Gel nail polish is, we can all agree, one of the great wonders of the beauty world. A manicure that remains chip-free for at least five times longer than regular old polish – what’s not to love? Well, there is one downside. When you do want to remove the UV-cured colour, you can’t just swipe a remover-soaked cotton bud over your fingertips and watch it disappear in a flash. So, if you’re anything like us, you end up picking the polish off bit by bit (to be fair, it is SO satisfying), and leaving your nails in a ragged, flaky mess.
A perfect gel manicure (Thinkstock/PA)
But there is a better way. In fact, several ways.
From the lazy (but pricey) salon option to DIY home techniques and ready-made kits, we assess the best way to remove gel nail polish.
1. The soaking method
Whichever method you use, the most important thing you need to know when taking off gel nail polish is that the remover has to contain acetone, at least 98%, so that it’s strong enough to dissolve the polymers in the polish. Fill a small glass bowl (large enough to fit your fingertips in) with acetone and place that bowl into a larger bowl filled with hot (but not boiling) water. While the acetone is warming up, use a nail file to buff the top layer of polish off and file the top of the nail to break the ‘seal’ of polish on the edge.
Soak your nails, one hand at a time, in the acetone, for about 15 minutes, during which time you should see the polish start to lift. Use a cuticle stick to gently scrape the polish off, soaking for longer if you need to. Finish by rinsing your hands in water and applying cuticle oil (your skin will probably be wrinkly and dry from the acetone).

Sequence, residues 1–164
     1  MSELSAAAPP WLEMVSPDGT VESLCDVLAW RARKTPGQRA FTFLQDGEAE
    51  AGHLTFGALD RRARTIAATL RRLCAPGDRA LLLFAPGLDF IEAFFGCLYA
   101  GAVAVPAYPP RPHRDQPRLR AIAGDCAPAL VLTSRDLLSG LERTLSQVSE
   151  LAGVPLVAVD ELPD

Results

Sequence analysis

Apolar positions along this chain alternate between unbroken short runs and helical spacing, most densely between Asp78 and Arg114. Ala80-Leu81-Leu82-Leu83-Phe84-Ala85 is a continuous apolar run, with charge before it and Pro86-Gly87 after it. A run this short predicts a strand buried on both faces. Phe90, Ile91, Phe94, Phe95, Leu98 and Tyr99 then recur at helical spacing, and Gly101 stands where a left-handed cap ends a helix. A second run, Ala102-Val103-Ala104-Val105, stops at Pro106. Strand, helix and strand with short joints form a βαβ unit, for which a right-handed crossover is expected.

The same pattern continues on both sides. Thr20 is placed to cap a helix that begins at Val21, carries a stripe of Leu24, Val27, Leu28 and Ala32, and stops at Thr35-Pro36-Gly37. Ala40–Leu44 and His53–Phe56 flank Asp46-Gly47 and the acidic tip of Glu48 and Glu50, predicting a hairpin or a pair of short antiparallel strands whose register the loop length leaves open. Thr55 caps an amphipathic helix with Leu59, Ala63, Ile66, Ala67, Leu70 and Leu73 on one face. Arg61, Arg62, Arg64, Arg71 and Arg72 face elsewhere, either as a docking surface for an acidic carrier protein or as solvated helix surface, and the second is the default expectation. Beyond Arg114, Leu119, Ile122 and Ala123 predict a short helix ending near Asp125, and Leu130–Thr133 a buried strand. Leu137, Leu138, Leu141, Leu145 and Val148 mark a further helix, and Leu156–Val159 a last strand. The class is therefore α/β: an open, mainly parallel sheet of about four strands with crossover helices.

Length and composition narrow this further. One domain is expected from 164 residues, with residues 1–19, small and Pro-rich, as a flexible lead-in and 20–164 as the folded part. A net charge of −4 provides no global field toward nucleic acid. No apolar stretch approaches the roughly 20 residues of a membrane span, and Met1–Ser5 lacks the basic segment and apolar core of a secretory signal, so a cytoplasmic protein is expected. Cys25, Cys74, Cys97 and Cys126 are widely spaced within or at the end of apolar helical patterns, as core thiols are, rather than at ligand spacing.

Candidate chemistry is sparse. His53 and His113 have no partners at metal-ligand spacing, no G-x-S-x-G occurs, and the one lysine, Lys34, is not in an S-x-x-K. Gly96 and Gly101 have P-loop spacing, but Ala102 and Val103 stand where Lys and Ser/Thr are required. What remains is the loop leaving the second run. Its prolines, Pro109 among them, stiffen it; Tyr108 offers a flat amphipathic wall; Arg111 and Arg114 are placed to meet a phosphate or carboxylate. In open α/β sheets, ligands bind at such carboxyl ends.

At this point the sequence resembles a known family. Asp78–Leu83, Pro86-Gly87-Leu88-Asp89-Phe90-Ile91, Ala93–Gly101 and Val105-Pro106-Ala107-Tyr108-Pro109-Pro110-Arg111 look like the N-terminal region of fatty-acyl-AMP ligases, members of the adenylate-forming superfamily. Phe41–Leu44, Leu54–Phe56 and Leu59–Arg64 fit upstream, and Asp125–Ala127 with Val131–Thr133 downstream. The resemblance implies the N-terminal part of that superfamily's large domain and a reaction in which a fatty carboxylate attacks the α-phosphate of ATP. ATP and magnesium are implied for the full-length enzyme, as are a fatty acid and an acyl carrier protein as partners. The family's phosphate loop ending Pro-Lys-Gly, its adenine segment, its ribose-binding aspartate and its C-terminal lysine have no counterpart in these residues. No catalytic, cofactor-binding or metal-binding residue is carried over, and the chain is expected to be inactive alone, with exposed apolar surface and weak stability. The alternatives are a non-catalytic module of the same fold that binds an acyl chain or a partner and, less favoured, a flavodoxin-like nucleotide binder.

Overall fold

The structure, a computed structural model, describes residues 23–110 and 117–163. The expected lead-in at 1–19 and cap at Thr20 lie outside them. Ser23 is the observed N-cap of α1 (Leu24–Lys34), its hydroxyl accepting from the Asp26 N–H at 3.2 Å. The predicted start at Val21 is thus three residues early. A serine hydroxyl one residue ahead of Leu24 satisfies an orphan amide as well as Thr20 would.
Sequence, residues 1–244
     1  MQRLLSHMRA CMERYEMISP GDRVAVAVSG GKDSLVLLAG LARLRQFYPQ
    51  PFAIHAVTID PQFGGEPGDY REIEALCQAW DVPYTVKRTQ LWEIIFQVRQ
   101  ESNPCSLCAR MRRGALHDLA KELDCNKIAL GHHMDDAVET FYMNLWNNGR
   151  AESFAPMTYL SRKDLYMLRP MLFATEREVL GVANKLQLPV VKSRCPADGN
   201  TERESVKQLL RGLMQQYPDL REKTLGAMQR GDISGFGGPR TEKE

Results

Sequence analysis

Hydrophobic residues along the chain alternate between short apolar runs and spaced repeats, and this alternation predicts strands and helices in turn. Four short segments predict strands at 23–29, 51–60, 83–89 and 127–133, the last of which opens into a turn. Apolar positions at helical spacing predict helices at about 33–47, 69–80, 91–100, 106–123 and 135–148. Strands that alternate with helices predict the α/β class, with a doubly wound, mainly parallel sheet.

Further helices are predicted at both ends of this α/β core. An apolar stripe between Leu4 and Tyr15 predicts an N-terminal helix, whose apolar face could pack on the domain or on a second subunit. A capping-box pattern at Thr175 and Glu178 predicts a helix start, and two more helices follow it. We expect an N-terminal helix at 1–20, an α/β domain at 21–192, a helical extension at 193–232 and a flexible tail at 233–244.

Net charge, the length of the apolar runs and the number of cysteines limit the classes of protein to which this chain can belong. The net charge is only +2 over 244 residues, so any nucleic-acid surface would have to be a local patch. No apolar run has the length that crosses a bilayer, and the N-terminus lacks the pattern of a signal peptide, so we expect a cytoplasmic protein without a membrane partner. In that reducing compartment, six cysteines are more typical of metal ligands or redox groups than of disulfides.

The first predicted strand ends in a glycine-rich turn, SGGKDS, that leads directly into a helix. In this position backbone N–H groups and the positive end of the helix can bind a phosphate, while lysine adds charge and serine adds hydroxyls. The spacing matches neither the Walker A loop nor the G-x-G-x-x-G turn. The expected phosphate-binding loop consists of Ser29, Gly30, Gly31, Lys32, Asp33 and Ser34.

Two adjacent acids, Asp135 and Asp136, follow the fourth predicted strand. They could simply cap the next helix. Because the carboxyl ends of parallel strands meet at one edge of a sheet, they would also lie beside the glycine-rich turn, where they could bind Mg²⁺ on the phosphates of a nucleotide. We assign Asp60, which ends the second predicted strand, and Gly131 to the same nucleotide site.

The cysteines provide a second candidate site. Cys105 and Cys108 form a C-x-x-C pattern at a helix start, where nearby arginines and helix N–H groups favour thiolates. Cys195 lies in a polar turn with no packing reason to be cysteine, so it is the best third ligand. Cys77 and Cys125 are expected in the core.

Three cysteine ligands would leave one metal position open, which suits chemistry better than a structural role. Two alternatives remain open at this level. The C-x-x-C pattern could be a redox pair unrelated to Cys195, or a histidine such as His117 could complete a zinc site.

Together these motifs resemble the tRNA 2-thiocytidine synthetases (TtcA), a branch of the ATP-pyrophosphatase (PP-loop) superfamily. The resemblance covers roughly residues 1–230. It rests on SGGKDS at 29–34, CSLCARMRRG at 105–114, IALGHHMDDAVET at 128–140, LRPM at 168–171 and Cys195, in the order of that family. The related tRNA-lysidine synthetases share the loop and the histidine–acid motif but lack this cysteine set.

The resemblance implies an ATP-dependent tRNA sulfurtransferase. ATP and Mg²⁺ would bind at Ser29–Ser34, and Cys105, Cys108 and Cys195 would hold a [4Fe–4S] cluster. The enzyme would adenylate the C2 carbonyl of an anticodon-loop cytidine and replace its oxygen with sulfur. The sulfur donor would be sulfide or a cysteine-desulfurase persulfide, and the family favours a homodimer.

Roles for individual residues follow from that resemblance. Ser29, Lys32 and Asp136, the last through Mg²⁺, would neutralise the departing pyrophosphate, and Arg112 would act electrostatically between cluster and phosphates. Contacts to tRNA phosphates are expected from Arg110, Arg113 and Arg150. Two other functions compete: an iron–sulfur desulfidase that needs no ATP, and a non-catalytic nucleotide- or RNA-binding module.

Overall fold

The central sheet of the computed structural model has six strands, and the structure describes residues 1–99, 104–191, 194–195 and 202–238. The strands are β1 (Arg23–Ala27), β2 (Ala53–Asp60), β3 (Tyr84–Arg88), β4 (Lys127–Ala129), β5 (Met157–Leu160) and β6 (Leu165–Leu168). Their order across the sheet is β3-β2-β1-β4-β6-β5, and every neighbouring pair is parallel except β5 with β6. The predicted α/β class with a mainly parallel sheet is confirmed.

Does it work? Yes, but it takes a lot of scraping and soaking, and the acetone feels very harsh on your skin.
Our verdict: 7/10
Products to try:
(Cutex/Elegant Touch/Sally Hansen/PA)
Above (left-right): Cutex Ultra-Powerful Nail Polish Remover, £1.59; Elegant Touch Professional Cuticle Nail Cleaner, £9.50; Sally Hansen Polish Remover, £2.45, all from Superdrug
2. The foil method
Cut out 10 squares of kitchen foil and buff your nails as with the bowl method above. Soak a ball of cotton wool in acetone, place it over the nail and hold it in place by wrapping the foil around the nail. Repeat for each nail, then wait 15 minutes for the acetone to work, then use a cuticle remover to scrape off the polish, putting the foils back on if you need to. Finish with a generous application of cuticle oil.
Does it work? Yes, and it’s not as harsh on your skin as the bowl method, but it’s hard to keep the foils in place while using enough remover to soak off every last scrap.
Our verdict: 6/10
3. Gel polish removal kits
There are a variety of kits you can buy that promise to make gel removal easier, from foils with cotton pads attached to plastic clips that hold cotton balls in place. New to the market is Elliona Gel Off, a thick acetone gel that sits on top of the varnish and gets to work in just two minutes and doesn’t require any foils, so you can scrape off the polish once it’s lifted. Does it work? Most of the kits are only marginally better than the at-home method, but the Elliona gel is very effective, stops acetone from getting on your skin and is the fastest of all.
Our verdict: 9/10
Products to try:
Above (left-right): Superdrug Foil Wrap Gel Nail Polish Remover 24 Pack, £2.49; SensatioNail Gel Polish Removal Tool, £5, and Wraps, £10, Boots
Above: Stylefile Gel Polish Remover Kit, £14.99, QVC
Above: Elliona Gel Polish Remover Kit, £19.99, QVC
4. At the salon
Even if you’re not going back for another manicure, you can pop into any nail salon and, for £5-£10, have a manicurist do the hard work for you (and if you’re going in for a reapplication, they’ll usually do it for free). The nail technician will use a file to take off the top layer of the polish before using the foil method to loosen the polish and scrape off the remains, finishing with a file and application of cuticle oil.
Does it work? This is, of course, the easiest method, as you just sit back and relax, but at up to £10 a pop, it’s also by far the most expensive.
Our verdict: 8/10
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